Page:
Congressional Republicans on Tuesday introduced a bill that would create a dedicated office for investigating race discrimination in college admissions, the most dramatic effort yet to enforce the Supreme Court's ban on affirmative action.
The College Admissions Accountability Act, introduced by Sen. J.D. Vance (R., Ohio) and Rep. Jim Banks (R., Ind.), would establish a special inspector general within the Education Department—separate from the Office of Civil Rights—to probe potential violations of the colorblind standard set forth in Students for Fair Admissions v. Harvard, which ruled that race-conscious admissions programs violate the 14th Amendment. The bill would also bar schools that flout the decision from receiving any form of federal aid.
"Every student in America is entitled to equal protection under the law, regardless of their background," Vance told the Washington Free Beacon. "This bill creates the means necessary to enforce the Court's decision and hold colleges and universities accountable for illegal discrimination on the basis of race."
The proposed law comes as universities around the country are combing for loopholes in the affirmative action ban. Some institutions have overhauled their essay prompts to focus on race and identity—even though the Supreme Court said essays couldn't be used as a work-around—while others have advised faculty not to create a "record" of "discriminatory intent" and warned that socioeconomic preferences don't "do the trick demographically."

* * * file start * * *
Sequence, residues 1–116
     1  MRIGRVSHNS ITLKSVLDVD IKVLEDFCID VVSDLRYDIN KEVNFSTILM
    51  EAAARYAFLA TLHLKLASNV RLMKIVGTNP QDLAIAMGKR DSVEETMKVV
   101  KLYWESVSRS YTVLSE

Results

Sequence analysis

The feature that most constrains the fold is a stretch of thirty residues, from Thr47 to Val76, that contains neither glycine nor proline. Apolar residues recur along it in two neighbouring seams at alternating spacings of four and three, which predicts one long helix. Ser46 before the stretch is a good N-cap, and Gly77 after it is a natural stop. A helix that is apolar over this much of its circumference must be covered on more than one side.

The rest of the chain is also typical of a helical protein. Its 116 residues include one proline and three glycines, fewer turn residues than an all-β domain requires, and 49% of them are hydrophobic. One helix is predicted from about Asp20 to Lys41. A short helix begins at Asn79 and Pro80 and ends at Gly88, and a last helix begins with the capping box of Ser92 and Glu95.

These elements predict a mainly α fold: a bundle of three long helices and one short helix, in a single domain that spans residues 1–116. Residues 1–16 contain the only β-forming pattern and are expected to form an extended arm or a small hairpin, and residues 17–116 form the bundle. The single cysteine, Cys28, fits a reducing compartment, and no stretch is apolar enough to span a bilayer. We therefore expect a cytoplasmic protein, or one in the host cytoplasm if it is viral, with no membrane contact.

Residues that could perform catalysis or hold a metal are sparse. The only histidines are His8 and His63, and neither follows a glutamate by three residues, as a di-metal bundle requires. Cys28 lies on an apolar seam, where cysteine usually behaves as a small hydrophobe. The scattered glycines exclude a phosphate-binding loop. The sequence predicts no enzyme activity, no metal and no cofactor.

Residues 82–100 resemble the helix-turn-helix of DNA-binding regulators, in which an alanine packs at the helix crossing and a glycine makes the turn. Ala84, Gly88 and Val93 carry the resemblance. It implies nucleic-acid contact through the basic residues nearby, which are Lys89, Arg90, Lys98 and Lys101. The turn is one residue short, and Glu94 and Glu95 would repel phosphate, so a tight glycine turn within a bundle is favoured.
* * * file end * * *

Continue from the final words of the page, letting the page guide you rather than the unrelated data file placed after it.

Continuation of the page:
Columbia Law School even announced that it would require short video statements from applicants to provide "insight into their personal strengths." The plan, which would have given admissions officers a visual proxy for race, was junked after the Free Beacon asked Columbia for comment.
The proposed bureaucracy, the Office of the Special Inspector General for Unlawful Discrimination in Higher Education, would take direct aim at these evasions. "Following the Court's ruling, several American colleges and universities issued statements or unveiled new policies at odds with its letter and spirit," the bill reads. "Institutions of higher education, including their offices of admission, must comply with the Constitution and laws of the United States, as interpreted by the judiciary."
The bill would create a new mechanism for applicants and university employees to file discrimination claims against admissions departments. Those claims would be investigated by the special inspector general—nominated by the president and confirmed by the Senate—who could then recommend enforcement actions, including the revocation of federal funds, to the secretary of education and attorney general.
The office would also submit quarterly reports to Congress on the allegations it has received and what corrective steps have been taken. That means the secretary of education and attorney general, while theoretically free to ignore the office’s recommendations, would face public pressure to lay down the law.
Universities, meanwhile, would be at constant risk of humiliation if they adopt the sort of race-based policies that have become de rigueur throughout higher education. Though focused on admissions, the bill also covers "financial aid determinations" and "academic programs," empowering the inspector general to go after scholarships, fellowships, and research programs that exclude non-minorities.